In recent weeks, the issue of family separation has come to the foreground of political discussions. This comes after the Administration’s decision to separate families seeking asylum at the border has sparked significant controversy. Numerous families are being torn apart, leading to an increased number of unaccompanied minors. The Administration responded to criticism by stating that the extraordinary measures being taken are simply in response to the surge in number of people attempting to illegally cross the border.
In June, USCRI staff were able to meet some of the masterminds behind the stunning documentary, Sauti: Gayle Nosal (Executive Producer and Director) and Favourite, whose story is told in the film. The film, called “Voice” in Swahili (“Sauti”) because the main characters tell their stories in their own voices, is unique in its depiction of the decades-long protracted refugee situation largely overlooked by much of the world as other global refugee situations continue to emerge.
Here is Gayle’s story on how Sauti came to be:
June 8, 2018
Dear Members of the U.S. Senate and House of Representatives:
The U.S. Committee for Refugees and Immigrants (USCRI) has been building a strong America since 1911. This has meant helping newcomers to learn language, job skills and prepare for citizenship through a Network of agencies across the nation. Since 1980, the USCRI network has resettled over 300,000 refugees from South East Asia, Africa, Middle East, and the former Soviet Union countries.
For Immediate Release:
May 4, 2018
ARLINGTON, VA – The U.S. Committee for Refugees and Immigrants (USCRI) strongly opposes today’s announcement by Secretary of Homeland Security Kirstjen Nielsen to terminate the humanitarian program of Temporary Protected Status (TPS) for approximately 9,000 legally present Nepalis.
More than one year after the new Administration, the full effects of new refugee and immigration policies are beginning to be felt.
The number of refugee arrivals to the United States has been cut by nearly 60% since the Administration’s new limitations on entry went into effect. And while the effect this has on refugee arrivals is apparent, it also means that the Administration no longer requires as extensive a network of resettlement offices throughout the country.
Washington, D.C. – Today, the leaders of 21 leading organizations involved in international humanitarian response sent a letter to the Trump Administration objecting “in the strongest terms” to the U.S. decision to withhold $65 million in planned U.S. contributions to the United Nations Relief and Works Agency for Palestine Refugees in the Near East (UNRWA).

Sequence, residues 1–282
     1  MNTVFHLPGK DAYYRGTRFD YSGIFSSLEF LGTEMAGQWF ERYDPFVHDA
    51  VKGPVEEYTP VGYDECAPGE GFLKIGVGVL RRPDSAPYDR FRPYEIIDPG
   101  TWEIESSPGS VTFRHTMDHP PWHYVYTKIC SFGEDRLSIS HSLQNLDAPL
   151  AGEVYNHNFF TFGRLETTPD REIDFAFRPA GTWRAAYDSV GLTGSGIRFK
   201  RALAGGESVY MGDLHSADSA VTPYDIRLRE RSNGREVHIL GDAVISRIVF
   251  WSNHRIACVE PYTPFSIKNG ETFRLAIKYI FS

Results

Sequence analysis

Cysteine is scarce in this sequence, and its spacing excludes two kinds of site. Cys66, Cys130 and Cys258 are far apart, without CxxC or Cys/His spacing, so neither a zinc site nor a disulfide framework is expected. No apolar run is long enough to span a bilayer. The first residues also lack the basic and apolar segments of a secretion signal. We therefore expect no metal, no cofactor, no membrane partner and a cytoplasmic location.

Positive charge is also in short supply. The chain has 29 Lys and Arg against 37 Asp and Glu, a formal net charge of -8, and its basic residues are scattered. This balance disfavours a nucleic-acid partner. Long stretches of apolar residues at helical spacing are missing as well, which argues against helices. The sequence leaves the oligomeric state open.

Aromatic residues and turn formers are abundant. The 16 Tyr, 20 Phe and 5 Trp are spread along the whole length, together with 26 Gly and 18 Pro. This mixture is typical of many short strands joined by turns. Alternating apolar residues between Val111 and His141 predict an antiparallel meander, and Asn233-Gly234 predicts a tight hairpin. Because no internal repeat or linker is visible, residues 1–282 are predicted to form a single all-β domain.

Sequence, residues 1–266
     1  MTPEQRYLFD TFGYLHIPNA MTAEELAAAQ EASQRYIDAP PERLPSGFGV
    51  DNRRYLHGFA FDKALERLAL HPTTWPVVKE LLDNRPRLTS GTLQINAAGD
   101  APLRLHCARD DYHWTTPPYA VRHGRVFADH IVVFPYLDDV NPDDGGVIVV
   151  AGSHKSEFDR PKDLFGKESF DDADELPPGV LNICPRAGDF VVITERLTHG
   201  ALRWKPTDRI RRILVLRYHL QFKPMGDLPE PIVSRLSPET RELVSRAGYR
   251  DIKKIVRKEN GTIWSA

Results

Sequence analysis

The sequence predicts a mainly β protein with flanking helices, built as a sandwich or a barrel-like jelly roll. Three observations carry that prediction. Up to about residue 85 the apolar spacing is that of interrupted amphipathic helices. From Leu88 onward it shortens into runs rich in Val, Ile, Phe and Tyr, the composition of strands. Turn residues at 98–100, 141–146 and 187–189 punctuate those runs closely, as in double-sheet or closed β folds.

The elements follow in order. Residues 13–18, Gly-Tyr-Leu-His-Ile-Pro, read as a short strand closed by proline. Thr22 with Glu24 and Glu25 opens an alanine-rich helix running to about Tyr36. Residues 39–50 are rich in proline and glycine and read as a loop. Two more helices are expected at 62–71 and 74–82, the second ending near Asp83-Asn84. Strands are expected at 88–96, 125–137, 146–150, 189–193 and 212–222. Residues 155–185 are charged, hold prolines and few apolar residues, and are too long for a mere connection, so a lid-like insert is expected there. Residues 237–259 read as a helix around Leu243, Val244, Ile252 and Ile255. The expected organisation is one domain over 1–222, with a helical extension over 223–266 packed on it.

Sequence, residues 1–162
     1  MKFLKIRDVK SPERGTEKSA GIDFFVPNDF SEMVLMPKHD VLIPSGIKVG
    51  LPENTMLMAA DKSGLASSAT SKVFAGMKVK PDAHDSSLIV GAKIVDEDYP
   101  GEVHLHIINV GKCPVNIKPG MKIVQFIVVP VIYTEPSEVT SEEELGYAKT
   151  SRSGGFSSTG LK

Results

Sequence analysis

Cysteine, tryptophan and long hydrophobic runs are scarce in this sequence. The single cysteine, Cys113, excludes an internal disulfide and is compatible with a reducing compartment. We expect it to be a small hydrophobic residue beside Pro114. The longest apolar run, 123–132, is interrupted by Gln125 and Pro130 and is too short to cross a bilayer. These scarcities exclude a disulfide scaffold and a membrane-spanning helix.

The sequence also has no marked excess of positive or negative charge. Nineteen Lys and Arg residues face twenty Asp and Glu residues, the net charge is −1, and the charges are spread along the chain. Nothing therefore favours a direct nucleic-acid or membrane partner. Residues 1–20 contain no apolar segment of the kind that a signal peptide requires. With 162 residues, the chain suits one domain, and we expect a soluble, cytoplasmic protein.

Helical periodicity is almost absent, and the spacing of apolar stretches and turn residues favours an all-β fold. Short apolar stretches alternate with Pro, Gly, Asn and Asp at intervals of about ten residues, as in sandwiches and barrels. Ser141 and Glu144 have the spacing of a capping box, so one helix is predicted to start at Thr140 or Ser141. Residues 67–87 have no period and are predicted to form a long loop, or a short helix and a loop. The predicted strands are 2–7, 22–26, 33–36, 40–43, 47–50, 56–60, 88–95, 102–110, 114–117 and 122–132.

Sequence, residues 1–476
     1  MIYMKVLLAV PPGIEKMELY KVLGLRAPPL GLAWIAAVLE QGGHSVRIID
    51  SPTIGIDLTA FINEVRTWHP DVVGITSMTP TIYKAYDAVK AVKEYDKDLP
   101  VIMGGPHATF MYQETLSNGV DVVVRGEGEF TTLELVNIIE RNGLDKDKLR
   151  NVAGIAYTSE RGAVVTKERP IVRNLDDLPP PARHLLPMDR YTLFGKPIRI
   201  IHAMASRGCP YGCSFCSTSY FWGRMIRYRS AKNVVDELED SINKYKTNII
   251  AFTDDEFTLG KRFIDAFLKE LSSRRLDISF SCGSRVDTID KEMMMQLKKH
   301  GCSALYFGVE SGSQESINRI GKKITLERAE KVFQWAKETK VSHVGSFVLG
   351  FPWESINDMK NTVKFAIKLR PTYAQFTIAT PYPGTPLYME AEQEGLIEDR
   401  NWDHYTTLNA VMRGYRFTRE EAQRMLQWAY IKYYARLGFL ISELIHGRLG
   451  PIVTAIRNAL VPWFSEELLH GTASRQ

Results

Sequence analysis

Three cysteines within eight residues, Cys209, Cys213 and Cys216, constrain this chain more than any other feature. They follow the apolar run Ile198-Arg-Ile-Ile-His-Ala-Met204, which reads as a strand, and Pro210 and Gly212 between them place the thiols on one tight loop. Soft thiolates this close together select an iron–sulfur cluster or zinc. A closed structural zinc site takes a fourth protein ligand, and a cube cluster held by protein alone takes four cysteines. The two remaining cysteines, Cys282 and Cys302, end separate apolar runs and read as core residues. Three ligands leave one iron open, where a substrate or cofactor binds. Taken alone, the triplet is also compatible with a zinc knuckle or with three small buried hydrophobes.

ARLINGTON, VA – The U.S. Committee for Refugees and Immigrants (USCRI) strongly opposes today’s announcement by Secretary of Homeland Security Kirstjen Nielsen to terminate the humanitarian program of Temporary Protected Status (TPS) for approximately 200,000 Salvadorans.
STATEMENT – USCRI Denounces Decision to End Humanitarian Program for Haitians
STATEMENT – USCRI Opposes Decision to End Humanitarian Program for Nicaraguans, Leaving Thousands of Families Under Threat of Separation
ARLINGTON, VA –
The U.S. Committee for Refugees and Immigrants (USCRI) strongly opposes the decision by the White House to terminate Temporary Protected Status (TPS) for Nicaraguans. We also urge the Administration to extend TPS for approximately 300,000 Hondurans and Salvadorans and keep the families together with their American citizen children.
On September 19th and 20th, world leaders gather at the United Nations (UN) for two major summits on the global refugee and migration crisis – the UN Summit for Refugees and Migrants co-chaired by the Governments of Jordan and Ireland and the Leaders’ Summit on Refugees convened by President Obama.
USCRI is proud to announce that on February 10, 2016 it signed a second memorandum of understanding (MOU) with the Guatemalan Ministry of External Relations and on January 20, 2016 with the Honduran Ministry of External Relations and International Cooperation.
More than 120 humanitarian organizations and United Nations agencies issued a joint appeal today urging the world to raise their voices and call for an end to the Syria crisis and to the suffering endured by millions of civilians. The appeal also outlines a series of immediate, practical steps that can improve humanitarian access and the delivery of aid to those in need inside Syria.
WASHINGTON – The U.S. Committee for Refugees and Immigrants (USCRI) recognizes the good first step announced by the Obama Administration to increase annual refugee resettlement numbers over the next two years. On Sunday, Secretary of State John Kerry committed to raising the numbers of refugees the U.S. will resettle from 70,000 this past year to 85,000 in fiscal year 2016 and 100,000 in 2017.
Contact: Eric Tijerina (703) 310 - 1130 firstname.lastname@example.org
December 8, 2014
FOR IMMEDIATE RELEASE
Contact: Stacie Blake
San Salvador, El Salvador
US Committee for Refugees and Immigrants Expands Legal Services for Unaccompanied Children
The U.S. Committee for Refugees and Immigrants (USCRI) visited Jordan in July and November of 2012, to meet with refugees, government officials, and international and local organizations. The violence in Syria has created a massive and complex humanitarian crisis with more than half a million people fleeing to neighboring countries. The current situation is expected to continue and worsen, with more than 710,000 refugees expected by the end of the year throughout the region1.